Mr. NCHS competition permanently canceled


Thom Blair

Contestants in the 2019 “Mr. NCHS” competition await the announcement of a winner. Class Feud and Dynamic Duos, both aimed to replace Mr. NCHS, were cancelled due to a lack of participation.

Elaine Zhou, Staff Writer

Central’s Mr. NCHS competition was discontinued by the school’s Student Advisory Council (SAC) after running annually for over two decades. 

Mr. NCHS was an annual three-hour talent show for senior boys. It was canceled for the first time in 2022 due to dropouts from participants. This year’s show was scheduled for Feb. 8, before being canceled on Feb. 1 again due to a shortage of participants.

“It was difficult to get at least eight to 10 contestants to participate last year after not running it due to COVID,” said Robert Lugiai, a sponsor for SAC. “If we can’t get enough contestants to do it, [then] unfortunately [the event] can’t go on.”

Mr. NCHS was previously a major event and the biggest fundraiser for SAC. 

“It was a very big show,” Lugiai said. “Almost the entire senior class would come out [and] almost every seat in the auditorium would be full.”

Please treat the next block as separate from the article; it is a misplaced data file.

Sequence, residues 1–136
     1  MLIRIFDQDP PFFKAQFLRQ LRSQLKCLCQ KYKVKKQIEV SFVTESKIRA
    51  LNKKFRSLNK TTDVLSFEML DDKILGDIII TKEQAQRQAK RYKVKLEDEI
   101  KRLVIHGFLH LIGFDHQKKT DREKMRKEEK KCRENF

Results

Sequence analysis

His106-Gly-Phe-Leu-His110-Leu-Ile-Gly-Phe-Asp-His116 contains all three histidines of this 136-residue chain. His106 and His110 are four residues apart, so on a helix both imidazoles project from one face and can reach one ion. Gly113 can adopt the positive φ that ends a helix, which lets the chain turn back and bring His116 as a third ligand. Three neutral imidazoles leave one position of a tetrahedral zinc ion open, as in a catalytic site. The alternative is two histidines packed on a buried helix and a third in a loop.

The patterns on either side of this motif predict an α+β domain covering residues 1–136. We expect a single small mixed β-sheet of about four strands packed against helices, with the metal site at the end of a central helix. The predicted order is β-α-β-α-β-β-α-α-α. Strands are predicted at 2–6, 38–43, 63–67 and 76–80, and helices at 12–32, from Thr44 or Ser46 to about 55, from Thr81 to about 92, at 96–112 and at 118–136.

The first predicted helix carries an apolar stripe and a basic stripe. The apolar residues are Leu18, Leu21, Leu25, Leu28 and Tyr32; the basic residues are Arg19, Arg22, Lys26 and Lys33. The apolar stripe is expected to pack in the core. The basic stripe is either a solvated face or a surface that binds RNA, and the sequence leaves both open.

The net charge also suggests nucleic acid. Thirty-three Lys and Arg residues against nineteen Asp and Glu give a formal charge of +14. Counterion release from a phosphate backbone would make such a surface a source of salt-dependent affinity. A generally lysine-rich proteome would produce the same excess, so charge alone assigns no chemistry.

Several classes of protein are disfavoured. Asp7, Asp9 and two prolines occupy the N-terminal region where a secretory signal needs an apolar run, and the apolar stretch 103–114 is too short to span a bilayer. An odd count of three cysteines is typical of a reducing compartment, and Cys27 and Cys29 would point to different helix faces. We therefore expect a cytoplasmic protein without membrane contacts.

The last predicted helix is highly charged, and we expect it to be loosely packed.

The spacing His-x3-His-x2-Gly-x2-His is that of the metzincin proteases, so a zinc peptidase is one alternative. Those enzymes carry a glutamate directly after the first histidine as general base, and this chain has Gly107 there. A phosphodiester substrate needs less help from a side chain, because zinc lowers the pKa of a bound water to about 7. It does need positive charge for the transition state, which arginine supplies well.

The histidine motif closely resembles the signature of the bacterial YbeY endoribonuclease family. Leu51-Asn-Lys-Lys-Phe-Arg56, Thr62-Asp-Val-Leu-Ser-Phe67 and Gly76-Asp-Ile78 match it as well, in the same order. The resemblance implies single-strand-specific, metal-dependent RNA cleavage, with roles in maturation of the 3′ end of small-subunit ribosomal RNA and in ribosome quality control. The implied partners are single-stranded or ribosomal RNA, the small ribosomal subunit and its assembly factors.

In the past, the show would have 10-12 participants. This year, five seniors—initially eight—planned to compete after winter break.

Lugiai believes the lack of interest is due to students’ unfamiliarity with the show after COVID-19 as well as Central’s cultural changes. 

“It was just mainly [that] people hadn’t seen Mr. NCHS since [2020],” Park said. “And not many freshmen [attend the show]; it’s more [of] a senior thing. So if they haven’t seen it, they don’t really know what it is and that’s probably why there weren’t a lot of people [who] wanted to [participate].” 

Mark Park was one of the seniors who planned on competing. 

“We were definitely looking forward to it,” Park said. “[Mr. NCHS gave] the seniors something special to look forward to.” 

SAC president Taylor Sawatzky said the club is in the process of creating a replacement event that will be more inclusive.

“The main purpose of Mr. NCHS was to fundraise for SAC and also just [to] get school spirit,” Sawatzky said. “By replacing the event, more students can be involved and participate while still [getting] the same things accomplished.”

As a sponsor of SAC and former student at Central, Lugiai said the show was an important part of Central’s history. The show featured categories such as a talent competition, a swimsuit competition, a tuxedo competition and a mother-and-son dance. 

“It was really amazing back in the 90s and early 2000s,” Lugiai said. “You can’t take those memories away, and it was really important for the people that were really involved in it.”